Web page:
Two-thirds of companies that have received $368 million in Texas state funds failed to deliver on their job-creation promises by the end of 2009, a study by the nonpartisan Texans for Public Justice in Austin found. During last year’s recession, the report says, the default rate by state-funded companies jumped from 42 percent to 66 percent.
“Phantom Jobs: The Texas Enterprise Fund’s Broken Promises,” analyzed the 2009 compliance reports filed by 50 Texas Enterprise Fund recipients that faced job-target deadlines by the end of last year. Researchers compared the recipients’ performance reports to what they pledged in their original Enterprise Fund contracts. Thirty-three of the 50 state-funded enterprises failed to deliver contractual job promises.
The office of Gov. Rick Perry (R), which runs the program, terminated six hopeless projects outright (12 percent). Thirteen projects still operating under their original contracts reported they did not produce the jobs they had promised (26 percent). Finally, the Governor’s Office amended 14 Enterprise Fund contracts (28 percent) to extend job-promise deadlines or slash job promises.
Exaggerated Jobs Claims
The 14 amended projects originally promised to deliver 9,793 new Texas jobs by 2009. But subsequent amendments canceled 39 percent of these job promises, the study found. Although Perry claimed in January the Enterprise Fund had created 54,600 jobs, the report found that the most generous reading of 2009 compliance reports offers evidence of at most 30,691 Enterprise Fund jobs.
Development initiatives supporter Edward Faser, who heads the Urban and Regional Planning program at the University of Illinois at Urbana-Champaign, says giving discretionary incentives to specific companies is superior to incentives buried in the tax code because they offer more potential for transparency and accountability. But he says politicians and administrators must be up-front about what targets are met or not met. Fraser previously helped administer North Carolina’s economic development programs.
“This doesn’t sound like a best-practices program where implementation is concerned,” Faser says.
The governor’s office did not respond to requests to comment for this story. After the report was published in September, a spokesperson for the governor responded to its findings by telling the Dallas Morning News, “Texas cannot control national economic trends or individual business pressures, but [Enterprise Fund] contracts demand job creation in return for funding.”
Republican State Sen. Mike Jackson and Democratic State Rep. Mark Strama, who head committees overseeing the Texas Enterprise Fund, did not respond to requests for comment.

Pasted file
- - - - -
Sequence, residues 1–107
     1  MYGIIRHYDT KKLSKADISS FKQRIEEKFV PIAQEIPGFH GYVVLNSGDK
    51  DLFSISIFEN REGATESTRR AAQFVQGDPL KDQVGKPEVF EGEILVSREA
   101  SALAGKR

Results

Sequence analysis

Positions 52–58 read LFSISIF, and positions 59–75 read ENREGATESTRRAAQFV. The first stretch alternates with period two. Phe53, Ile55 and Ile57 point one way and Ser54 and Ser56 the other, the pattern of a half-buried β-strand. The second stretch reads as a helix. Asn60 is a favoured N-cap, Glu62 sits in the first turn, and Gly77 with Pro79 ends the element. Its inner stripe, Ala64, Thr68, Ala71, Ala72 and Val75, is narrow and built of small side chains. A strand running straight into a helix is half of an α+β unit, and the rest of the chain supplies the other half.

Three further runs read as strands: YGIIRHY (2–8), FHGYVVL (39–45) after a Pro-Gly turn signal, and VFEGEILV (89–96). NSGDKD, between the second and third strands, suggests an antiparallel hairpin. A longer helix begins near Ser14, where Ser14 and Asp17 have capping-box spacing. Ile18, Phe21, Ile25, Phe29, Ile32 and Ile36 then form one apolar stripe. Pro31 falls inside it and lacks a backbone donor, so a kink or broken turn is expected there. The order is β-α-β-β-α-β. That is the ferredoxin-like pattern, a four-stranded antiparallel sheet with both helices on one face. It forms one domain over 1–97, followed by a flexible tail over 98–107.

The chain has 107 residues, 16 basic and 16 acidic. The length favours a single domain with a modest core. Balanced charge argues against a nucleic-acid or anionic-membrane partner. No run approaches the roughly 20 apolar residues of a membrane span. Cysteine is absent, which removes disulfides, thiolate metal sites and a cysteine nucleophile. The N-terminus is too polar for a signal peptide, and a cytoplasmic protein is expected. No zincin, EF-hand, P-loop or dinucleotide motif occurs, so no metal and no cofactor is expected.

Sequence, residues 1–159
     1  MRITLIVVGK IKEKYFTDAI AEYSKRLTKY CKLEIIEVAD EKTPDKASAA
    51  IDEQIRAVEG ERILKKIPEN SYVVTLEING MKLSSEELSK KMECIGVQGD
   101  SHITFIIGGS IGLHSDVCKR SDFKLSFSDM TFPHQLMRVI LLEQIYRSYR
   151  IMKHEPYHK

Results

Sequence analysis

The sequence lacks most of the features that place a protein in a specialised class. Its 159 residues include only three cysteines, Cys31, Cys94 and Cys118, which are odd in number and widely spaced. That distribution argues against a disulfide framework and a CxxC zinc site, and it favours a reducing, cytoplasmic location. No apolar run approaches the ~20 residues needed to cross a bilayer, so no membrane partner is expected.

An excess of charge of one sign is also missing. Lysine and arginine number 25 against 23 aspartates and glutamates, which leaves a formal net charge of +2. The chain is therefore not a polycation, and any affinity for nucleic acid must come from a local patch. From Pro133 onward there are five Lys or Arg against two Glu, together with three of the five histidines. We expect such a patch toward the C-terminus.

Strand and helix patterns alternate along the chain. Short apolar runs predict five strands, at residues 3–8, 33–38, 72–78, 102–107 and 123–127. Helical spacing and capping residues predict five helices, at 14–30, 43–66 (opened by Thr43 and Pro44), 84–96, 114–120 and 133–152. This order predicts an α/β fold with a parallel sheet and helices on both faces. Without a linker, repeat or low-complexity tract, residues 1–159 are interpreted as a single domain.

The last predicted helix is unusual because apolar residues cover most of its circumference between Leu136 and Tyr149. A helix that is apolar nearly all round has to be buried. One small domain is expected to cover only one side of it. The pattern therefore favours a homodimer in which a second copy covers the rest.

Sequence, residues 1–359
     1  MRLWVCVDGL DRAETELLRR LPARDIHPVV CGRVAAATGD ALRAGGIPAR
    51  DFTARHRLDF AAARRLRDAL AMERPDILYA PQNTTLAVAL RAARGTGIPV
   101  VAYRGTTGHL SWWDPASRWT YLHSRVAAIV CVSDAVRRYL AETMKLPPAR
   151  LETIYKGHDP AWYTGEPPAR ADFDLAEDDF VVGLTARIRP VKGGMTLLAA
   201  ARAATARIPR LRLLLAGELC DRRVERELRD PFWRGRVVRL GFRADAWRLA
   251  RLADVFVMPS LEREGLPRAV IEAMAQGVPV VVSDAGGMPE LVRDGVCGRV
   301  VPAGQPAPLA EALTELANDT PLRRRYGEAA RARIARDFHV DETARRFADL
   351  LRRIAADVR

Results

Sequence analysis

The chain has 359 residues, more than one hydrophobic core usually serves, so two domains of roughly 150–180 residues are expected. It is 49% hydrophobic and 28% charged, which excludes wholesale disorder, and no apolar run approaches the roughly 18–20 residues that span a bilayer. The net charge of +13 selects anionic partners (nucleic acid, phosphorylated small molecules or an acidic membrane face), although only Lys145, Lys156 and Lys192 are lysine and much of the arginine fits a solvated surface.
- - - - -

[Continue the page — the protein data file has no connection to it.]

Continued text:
‘Phantom’ Jobs Reporting
“The title of our ‘Phantom Jobs’ report was partly inspired by political equations of job promises with actual paychecks,” says Texans for Public Justice Director Craig McDonald. “Many kinds of phantom jobs haunt this program.”
Vought Aircraft, for example, reported it produced just 864 of the 3,000 new jobs it promised. Using a compensation multiplier inserted into a contract amendment that it signed last year, Vought pumped up these 864 real jobs into credit for creating 2,056 jobs. Vought’s phantom jobs outnumber the actual new people that it hired.
Alloy Polymers bought a chemical plant outside Houston in 2007 and treated the 32 workers already employed there as if they were “new” Texas workers. Conversely, Austin-based Sematech continued to count jobs at a chip fabrication plant after it sold that factory in 2007.
The Enterprise Fund awarded $75 million for two research facilities that claim to have produced a total of 7,508 jobs. Just don’t look for all these workers at the state-funded research centers. A Texas A&M University project claims credit for every new job in the state that falls into 24 industry categories known as the “Governor’s Biotech Cluster.” A state-sponsored biomedical center affiliated with MD Anderson Cancer Center claims credit for every new job at MD Anderson, despite the fact that its payroll began growing long before the creation of the Enterprise Fund.
Although Perry portrays this jobs program as a success, legislative resistance is growing. Even with Perry’s party controlling both legislative chambers, lawmakers spurned the governor’s request for $261 million in new Enterprise Fund funding last year. Texas faces an estimated two-year budget gap ranging between $10 billion and $20 billion. Perry recently proposed a $20 million cut in Enterprise Fund appropriations.
“Many of these incentive programs are viewed as political slush funds,” says Tommy Cafcas of Washington-based Good Jobs First. “Northrop Grumman contributed to Virginia Governor Bob McDonnell’s inaugural committee, for example, before landing $3 million from that state’s Governor’s Opportunity Fund. With so much mutual back scratching, states are slow to recover clawbacks from non-performing grant recipients. While subsidies can combat uneven development, they should be used sparingly, transparently and with complete accountability to taxpayers.”
Andrew Wheat ([email protected]) is research director for Texans for Public Justice.
“Phantom Jobs: The Texas Enterprise Fund’s Broken Promises,” Texans for Public Justice: http://info.tpj.org/watchyourassets/enterprise3/index.html